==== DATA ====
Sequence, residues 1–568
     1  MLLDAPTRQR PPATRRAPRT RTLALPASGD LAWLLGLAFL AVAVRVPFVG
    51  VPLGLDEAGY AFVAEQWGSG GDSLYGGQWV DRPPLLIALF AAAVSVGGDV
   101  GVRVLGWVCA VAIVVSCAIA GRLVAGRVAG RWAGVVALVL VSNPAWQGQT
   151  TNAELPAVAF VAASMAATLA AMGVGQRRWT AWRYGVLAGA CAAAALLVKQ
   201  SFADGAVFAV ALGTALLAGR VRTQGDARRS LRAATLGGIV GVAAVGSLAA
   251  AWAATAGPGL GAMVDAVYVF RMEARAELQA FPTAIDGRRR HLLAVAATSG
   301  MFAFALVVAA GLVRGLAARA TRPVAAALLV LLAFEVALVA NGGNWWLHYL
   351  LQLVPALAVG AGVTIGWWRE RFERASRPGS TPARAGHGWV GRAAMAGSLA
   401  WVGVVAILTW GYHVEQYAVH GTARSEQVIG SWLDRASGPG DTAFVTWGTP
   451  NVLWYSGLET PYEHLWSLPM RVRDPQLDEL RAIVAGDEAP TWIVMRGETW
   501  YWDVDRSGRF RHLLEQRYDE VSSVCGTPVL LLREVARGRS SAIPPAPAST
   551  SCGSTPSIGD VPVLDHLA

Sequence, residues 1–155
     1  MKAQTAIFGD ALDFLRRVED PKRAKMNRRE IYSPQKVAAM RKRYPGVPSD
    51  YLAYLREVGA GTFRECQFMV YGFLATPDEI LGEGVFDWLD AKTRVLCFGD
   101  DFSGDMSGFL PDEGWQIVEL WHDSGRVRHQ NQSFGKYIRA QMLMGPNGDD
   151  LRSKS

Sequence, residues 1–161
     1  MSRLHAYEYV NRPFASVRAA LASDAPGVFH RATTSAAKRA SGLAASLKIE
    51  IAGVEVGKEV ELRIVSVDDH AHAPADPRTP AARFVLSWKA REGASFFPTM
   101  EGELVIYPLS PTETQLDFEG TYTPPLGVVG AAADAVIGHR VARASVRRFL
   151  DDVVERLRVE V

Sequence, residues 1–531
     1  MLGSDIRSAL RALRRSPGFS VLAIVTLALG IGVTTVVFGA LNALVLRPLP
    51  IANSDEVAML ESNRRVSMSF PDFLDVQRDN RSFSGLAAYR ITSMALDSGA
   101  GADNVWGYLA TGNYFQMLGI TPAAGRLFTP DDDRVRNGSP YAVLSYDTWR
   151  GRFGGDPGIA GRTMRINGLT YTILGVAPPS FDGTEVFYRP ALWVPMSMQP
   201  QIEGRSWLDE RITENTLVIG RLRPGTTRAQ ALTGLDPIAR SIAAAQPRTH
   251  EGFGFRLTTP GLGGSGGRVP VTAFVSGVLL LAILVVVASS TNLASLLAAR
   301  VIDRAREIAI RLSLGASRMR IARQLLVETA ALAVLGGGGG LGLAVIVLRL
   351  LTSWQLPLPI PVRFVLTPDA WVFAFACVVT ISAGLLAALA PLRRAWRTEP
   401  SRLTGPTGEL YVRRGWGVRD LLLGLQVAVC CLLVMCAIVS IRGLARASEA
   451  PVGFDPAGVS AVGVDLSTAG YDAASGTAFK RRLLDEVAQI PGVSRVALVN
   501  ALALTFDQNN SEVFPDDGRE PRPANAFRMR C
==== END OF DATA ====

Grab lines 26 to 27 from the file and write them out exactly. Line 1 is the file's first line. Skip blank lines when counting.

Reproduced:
    51  IANSDEVAML ESNRRVSMSF PDFLDVQRDN RSFSGLAAYR ITSMALDSGA
   101  GADNVWGYLA TGNYFQMLGI TPAAGRLFTP DDDRVRNGSP YAVLSYDTWR